^ The Budget Master versus the Union Master : who will do a better job of untangling City union contracts ? (photo by Chris Lovett of BNN, posted at FB)
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Who knew that the labor contract concept of “pay parity” would become a defining issue in this year’s mayor campaign ? I doubt if many voters know even what “pay parity” is. I sure didn’t, and I’ve spent half a lifetime swimming in Boston city politics. Yet we DO know that negotiating contracts with the City’s public employee unions — some 33 of them, I think — is one of the Mayor’s top responsibilities; and the two finalists both come well equipped to master such negotiations. Marty Walsh is himself a labor leader, and John Connolly a master of the city’s budgets and finance. Thus the “can he negotiate a city worker contract ?” question would seem to be easily answered “Yes.” But it isn’t.
The question became hard to answer on the day, about three weeks ago, when the arbitrator deciding the new Boston Police Patrolmens’ Association contract announced a raise of 25.4% over six years. The City heard the news and went into emotional hemmhorage. $ 80,000,000 this award would cost ? And what now when the Fire Fighters Local 718 came to the table next year ? how much would they want ? After all, their last contract negotiation had gone past arbitration to rejection by the City Council and, finally, a raise that just barely missed forcing the City to close its libraries.
Dropping this bomb into the middle of a heavily populated Mayor campaign looked sure to affect the outcome. Suddenly everyone wanted to read Arbitrator Buckalew’s 1-page decision. In it we meet the concept of ‘pay parity.’
The decision does not explain how Buckalew applied the concept, but — I beg you bear with me — it goes like this : ( 1 ) most agree that Boston’s Police and Fire fighters should get something like pay parity ( 2 ) but do we apply parity to their base pay, or do we factor in their second job income ( 3 ) if we factor in the extra income of both groups, the award achieves pay parity : each union’s members earn 107,900 to 109,000 a year in total ( 4 ) but wait : the Fire fighters’ extra income isn’t from public employment, it’s from second jobs; whereas the Police extra income comes from overtime and details, most of it public payroll work ( 5 therefore it’s unfair to include the Fire Fighters’ second job income in calculating pay parity ( 6 ) but if you don’t, then the Police pay is almost 60% higher than what the Fire Fighters earn from public work.
You got that ? Read it again. Then cough.
A link to the Arbitrator’s Decision follows. i know that you cannot WAIT to read it, but just in case you do want to read it, here it is :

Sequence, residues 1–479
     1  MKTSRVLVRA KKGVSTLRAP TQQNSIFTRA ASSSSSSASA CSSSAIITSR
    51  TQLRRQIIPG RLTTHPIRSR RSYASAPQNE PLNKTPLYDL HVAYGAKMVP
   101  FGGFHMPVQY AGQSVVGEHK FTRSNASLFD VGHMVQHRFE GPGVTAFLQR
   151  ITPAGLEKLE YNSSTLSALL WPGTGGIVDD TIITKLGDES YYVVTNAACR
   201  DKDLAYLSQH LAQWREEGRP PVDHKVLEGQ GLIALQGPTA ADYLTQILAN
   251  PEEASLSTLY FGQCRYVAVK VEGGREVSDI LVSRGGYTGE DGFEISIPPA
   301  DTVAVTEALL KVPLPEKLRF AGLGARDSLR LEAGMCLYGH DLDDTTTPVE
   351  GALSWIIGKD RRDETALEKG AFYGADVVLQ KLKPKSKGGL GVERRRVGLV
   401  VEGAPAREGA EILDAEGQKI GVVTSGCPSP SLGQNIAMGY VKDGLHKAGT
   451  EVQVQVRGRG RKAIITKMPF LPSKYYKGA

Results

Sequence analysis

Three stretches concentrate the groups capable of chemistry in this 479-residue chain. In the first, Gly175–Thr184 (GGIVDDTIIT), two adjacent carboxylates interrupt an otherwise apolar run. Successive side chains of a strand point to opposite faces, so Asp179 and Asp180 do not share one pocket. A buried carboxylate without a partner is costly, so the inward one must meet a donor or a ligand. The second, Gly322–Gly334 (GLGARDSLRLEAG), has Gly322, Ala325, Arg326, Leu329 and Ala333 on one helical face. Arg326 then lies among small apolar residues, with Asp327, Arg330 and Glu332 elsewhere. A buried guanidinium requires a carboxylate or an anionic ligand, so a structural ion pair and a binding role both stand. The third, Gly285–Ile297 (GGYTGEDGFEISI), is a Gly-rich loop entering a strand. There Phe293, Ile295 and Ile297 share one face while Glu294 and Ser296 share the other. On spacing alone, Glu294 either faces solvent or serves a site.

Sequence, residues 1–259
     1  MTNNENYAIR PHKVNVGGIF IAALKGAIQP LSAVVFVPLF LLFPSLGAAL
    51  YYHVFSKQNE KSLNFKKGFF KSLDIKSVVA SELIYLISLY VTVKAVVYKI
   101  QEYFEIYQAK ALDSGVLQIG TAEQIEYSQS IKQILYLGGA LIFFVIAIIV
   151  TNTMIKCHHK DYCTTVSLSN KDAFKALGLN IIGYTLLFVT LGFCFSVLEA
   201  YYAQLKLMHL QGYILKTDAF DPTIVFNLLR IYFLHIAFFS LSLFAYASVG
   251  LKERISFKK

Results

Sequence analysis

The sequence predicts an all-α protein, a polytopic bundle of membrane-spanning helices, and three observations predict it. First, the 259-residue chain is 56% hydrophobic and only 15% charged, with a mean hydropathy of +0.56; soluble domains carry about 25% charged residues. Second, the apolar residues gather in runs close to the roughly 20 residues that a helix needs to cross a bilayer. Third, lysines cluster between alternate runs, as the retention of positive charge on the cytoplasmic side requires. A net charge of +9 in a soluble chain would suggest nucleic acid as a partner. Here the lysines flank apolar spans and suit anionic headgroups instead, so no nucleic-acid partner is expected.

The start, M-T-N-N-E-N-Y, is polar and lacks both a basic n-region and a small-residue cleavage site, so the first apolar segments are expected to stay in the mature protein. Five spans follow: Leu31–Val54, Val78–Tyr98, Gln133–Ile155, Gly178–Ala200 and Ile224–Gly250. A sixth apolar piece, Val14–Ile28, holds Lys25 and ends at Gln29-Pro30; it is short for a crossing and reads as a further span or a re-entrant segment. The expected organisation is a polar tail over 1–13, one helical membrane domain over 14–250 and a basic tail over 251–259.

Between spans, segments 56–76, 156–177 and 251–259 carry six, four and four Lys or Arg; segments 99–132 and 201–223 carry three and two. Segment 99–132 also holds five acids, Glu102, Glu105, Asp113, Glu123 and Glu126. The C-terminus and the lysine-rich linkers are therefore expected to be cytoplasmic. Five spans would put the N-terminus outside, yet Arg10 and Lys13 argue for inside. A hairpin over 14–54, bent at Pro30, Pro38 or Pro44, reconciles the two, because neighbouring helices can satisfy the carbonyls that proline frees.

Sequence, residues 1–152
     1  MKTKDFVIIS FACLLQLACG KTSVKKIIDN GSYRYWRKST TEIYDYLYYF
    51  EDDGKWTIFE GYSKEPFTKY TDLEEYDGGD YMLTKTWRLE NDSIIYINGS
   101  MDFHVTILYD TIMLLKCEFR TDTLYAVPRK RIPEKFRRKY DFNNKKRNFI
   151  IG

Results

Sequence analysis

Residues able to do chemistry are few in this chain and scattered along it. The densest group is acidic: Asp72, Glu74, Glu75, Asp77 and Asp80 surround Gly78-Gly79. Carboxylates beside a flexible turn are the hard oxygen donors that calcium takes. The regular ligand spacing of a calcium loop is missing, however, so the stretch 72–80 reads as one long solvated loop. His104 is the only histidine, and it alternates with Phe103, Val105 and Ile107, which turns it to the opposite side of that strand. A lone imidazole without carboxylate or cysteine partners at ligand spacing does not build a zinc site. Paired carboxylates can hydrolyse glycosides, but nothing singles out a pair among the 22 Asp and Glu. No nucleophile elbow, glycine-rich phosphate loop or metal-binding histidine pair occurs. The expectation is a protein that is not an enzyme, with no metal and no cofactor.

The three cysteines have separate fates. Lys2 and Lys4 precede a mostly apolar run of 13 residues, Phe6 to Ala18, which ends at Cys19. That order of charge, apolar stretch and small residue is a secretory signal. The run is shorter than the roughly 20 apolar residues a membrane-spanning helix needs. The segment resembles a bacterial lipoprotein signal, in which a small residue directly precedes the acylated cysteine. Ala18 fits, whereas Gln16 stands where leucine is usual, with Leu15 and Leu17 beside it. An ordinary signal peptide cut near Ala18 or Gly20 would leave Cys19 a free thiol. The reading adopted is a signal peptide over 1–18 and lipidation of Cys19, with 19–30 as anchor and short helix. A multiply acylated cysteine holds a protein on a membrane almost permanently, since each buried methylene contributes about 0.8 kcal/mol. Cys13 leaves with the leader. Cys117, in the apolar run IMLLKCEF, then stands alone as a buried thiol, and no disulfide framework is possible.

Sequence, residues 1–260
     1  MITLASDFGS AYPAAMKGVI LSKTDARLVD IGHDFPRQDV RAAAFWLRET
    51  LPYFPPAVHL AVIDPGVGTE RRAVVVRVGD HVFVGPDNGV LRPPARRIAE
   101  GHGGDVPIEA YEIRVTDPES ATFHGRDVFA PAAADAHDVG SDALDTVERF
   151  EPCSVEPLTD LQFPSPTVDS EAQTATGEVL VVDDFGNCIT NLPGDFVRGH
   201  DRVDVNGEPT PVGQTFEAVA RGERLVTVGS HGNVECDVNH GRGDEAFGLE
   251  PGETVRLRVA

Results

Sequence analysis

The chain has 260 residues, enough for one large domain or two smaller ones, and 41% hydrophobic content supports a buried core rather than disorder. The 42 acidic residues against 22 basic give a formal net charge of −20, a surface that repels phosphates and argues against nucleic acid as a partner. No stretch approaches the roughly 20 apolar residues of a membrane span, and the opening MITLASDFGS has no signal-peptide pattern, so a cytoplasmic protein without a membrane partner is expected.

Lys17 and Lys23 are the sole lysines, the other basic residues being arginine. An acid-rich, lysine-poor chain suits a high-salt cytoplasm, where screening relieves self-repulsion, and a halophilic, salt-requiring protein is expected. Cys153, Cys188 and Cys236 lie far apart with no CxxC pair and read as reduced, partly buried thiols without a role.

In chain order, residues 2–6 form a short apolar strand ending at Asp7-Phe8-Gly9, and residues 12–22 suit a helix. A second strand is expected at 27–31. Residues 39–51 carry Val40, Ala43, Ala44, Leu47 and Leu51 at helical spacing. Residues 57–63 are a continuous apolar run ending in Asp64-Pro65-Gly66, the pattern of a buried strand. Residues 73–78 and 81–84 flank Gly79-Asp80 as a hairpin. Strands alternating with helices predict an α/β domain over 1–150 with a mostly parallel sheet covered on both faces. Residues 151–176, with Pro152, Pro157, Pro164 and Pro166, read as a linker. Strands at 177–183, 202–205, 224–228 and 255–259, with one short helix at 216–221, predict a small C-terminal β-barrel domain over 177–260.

Unhappily, the only mention of pay parity in the entire 11-page award is found on page one, in which the arbitrator awards a “one time parity adjustment” of $ 2000 payable on January 1, 2014. Other than that, he does not talk of parity, but simple math says that he based his parity award on base pay, not total pay. The 25.4% six-years of pay raises, too, build upon base pay. This seems fair enough — were it not that both the Fire fighters and the Police earn an average annual pay about 40,000.00 higher than base. By what justification do these two work groups merit pay raises much more generous than those granted the City’s other 30 unions (Boston Teachers Union not included) ? Given the outsize award, the certainty that the Fire fighters will next year demand their own base-pay parity adjustment, and the high degree of union activism in this year’s campaign, what avails the City’s voters but to expect a large attack upon City budgets and solvency ?
After all, Tom Menino, even with his 83 % approval rating assuring re-election every four years, could not halt the growth of Police and Fire fighter pay awards. How will a Mayor who depends utterly on union support do so ?
Still, why need it come to this ? There is another scale for determining workers’ pay ; pay equity. We apply it when measuring how workers in approximately equal jobs are to be equally paid. Can we not find a way to apply pay equity to the contract negotiations of Boston’s police and Fire fighters ? (not to mention the City’s other unions.) Fire fighting isn’t police work, and vice versa, but the two careers share much ; on duty, off duty; life-threatening work; calls upon a moment’s notice; working from district stations. Both careers require passing an exam. Both require skill in emergency response. It would be so much easier to settle both unions’ contracts in one negotiation applying pay equity. And more : the pay equity principle would, eventually, once the City’s tax revenue can fund it, bestow a needed raise upon workers in the unions not blessed as are the Police and Fire fighters.
But that would mean change — reform — thinking outside the box : a concept just about as foreign to Boston City governance as scientific evidence is to a Creationist.
This must change. City governance needs to be re-thought, and soon, because as the society it governs is changing rapidly, if city governance does not change, it will be an obstacle rather than an empowerment. Much of Boston governance already is an obstacle. That much has been made clear by at least half of the 12 Mayor hopefuls who competed in the Primary.
Which leads us to the question ; who can better untangle the City’s labor conundrums : the Union Master, Marty Walsh, or the Budget master, John Connolly ? Guess we will soon find out.
—- Michael Freedberg / Here and Sphere